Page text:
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The Smoke That Thunders-Victoria Falls

The Smoke That Thunders-Victoria Falls

The Smoke That Thunders-Victoria Falls
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Siva_small Imagine a fast moving 1.7 kms wide river. Now imagine this river falling 108 metres down a massive hole in the ground at the rate of 3 million litres a second.By Sivamani


Imagine a fast moving 1.7 kms wide river. Now imagine this river falling 100 metres down a massive hole in the ground at the rate of 3 million litres
a second. No imagination will ever prepare you for the spectacular sheet of water that will greet your eyes when you make the trip to see the Victoria

Victoria Falls is situated in southern Africa, on the Zambezi River, with the Zimbabwe and Zambia international border cutting the river and the Falls.  The interesting aspect is that there are no mountains or hills associated with Vic Falls – in fact you will only see plains for hundreds of kilometres around.  The Zambezi River actually empties itself into a deep chasm in the middle of a plateau, a chasm created by centuries of water flowing through.  The first European to discover Victoria Falls was David Livingstone in 1855, and he named it in honour of the Queen. The Falls can be accessed from either the Zambia side (Livingstone airport) or the Zimbabwe side (Victoria Falls airport).

The question in many people’s mind is, which country is better to see the falls?  I don’t think there is one answer to this question. Up until about 10 years ago Zimbabwe was by the far the most popular country to visit the Victoria Falls from. There are plenty of luxury hotels and the infrastructure is good. You can walk to the falls from town along well marked paths and the view is certainly good from this side because you can stand opposite the falls and see them head on (you can do the same from Zambia side as well). But, the political situation in Zimbabwe has meant that tourists are opting to visit the falls from the Zambian side. In 2006, hotel occupancy on the Zimbabwean side hovered at around 30%, while the Zambian side was at near-capacity. As of 2011, Zimbabwe’s lodges are filling up, running smoothly, the town is safe and you get much better value on accommodation than on the Zambian side.


Visiting the falls from Zambia has some advantages, namely the tickets to enter the park are cheaper and accommodation in the town of Livingstone at least, is also traditionally less expensive. But note the town is about 10km from the Falls, so you have to get a ride down (unless you check in at Zambezi Sun, or the Royal Liningstone, which are situated 5 minutes walk from the Falls). You can see the falls from above as well as below in Zambia, and the surrounding forested areas are more pristine. At certain times of the year, you can even swim in a natural pool right before the edge of the upper falls. As a town, Livingstone is an interesting place. It used to be the capital of Northern Rhodesia (now Zambia) and its streets are still lined with Victorian-era colonial buildings.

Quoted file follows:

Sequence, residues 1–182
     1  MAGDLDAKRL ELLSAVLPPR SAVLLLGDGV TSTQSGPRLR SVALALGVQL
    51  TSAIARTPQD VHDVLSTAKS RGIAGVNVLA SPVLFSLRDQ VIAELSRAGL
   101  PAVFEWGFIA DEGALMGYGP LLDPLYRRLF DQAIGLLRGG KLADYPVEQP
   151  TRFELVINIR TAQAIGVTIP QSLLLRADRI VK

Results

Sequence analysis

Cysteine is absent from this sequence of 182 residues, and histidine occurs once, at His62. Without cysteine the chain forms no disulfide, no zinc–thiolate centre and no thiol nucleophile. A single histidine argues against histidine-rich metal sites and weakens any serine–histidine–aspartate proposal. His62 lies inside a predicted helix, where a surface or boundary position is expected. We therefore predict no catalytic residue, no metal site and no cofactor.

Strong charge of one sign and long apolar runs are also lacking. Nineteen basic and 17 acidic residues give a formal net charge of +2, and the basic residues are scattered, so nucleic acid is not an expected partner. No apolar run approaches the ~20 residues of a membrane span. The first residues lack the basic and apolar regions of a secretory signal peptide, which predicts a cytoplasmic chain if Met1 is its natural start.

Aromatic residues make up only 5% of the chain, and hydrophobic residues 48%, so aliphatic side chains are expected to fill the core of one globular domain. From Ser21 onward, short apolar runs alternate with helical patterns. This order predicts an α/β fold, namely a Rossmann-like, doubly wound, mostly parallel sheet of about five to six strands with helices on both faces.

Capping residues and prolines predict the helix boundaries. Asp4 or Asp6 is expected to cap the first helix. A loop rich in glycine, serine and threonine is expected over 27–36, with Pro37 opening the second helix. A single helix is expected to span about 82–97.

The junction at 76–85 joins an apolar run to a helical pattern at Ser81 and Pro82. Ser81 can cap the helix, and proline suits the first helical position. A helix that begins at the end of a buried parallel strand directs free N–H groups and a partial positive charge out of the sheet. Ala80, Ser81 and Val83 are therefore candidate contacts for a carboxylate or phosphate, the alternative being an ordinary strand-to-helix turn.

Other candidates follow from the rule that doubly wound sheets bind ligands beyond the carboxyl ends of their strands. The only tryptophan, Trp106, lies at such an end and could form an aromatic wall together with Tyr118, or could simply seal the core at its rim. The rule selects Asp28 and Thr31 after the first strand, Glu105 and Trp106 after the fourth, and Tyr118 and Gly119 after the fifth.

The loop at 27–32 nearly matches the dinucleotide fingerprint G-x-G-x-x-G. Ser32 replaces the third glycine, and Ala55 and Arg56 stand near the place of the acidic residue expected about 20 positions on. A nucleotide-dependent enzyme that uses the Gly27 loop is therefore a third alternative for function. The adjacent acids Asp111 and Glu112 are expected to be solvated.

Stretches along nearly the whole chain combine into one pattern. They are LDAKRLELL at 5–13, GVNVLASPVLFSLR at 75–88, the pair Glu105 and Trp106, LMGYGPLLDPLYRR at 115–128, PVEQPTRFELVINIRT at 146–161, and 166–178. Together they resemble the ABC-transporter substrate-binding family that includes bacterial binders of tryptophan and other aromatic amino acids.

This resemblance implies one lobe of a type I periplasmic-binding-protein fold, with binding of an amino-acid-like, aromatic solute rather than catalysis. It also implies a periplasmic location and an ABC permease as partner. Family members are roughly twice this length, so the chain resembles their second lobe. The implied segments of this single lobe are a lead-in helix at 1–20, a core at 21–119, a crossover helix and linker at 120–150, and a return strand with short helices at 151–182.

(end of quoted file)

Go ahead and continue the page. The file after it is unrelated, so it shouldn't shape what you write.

I would recommend visiting from both sides, there is a border post you can cross quite easily and day passes are given out so you don’t need to get a visa in advance. But as with all border formalities, check in advance since rules can change from day to day. The border is open from 8am to 6pm every day. Several hotels on either side offer packages which include a day pass to the other side as well as a night’s stay.


If you are at the falls during the dry season (September to December) you must go to the Zimbabwean side to see the Falls properly, since the Zambian side can be totally dried up to a trickle. During the peak flood season, the best viewing is in fact from the air.  The flood season occurs from February to May, with peak flow in April. During this time the water force is so much that the spray from the falls rises so much, one cannot see the entire width of the falls on foot – view from the helicopter is awesome. As the floods recede through June to December, the falls slows down to a trickle and you will be able to see the width of the falls on foot.


Obviously the main attraction is a walk along the Falls on the opposite bank (be prepared to get quite wet – raincoats are available on hire!).  You will experience continuous “rain” as the force of the falls sprays the water high in the air – creating a beautiful rainbow all day long.  Another interesting activity is a 30 minutes helicopter ride, which gives a beautiful perspective to the entire river system and the falls (pictured above).




Sundowner cruise along the broad Zambezi River is also a must do, providing a great experience of the African sunset!  For adrenalin junkies, bungee jumping and white water rafting is available.   If you happen to visit within a day of the full moon, you will have the opportunity of seeing a ‘moonbow’, with the moonlight creating a rainbow in the night.


View of a “Moon-bow” or Lunar rainbow.


I recommend staying at least 2-3 days to enjoying the various activities in and around Vic Falls.  If you have a few days more, I would strongly recommend a trip to Chobe National park in Botswana, which is about 2-3 hours drive from Livingstone.


There are a number of good eating places – We enjoyed the evening at BOMA Restaurant on the Zimbabwe side.



1 Time airlines is offerring attractive packages for both the Zimbabwe side and the Zambia side. See hyperlinks below – the site is quite user friendly to look at various options

1Time _Holiday_Livingstone_packages

Enjoy travelling.


The Smoke That Thunders-Victoria Falls
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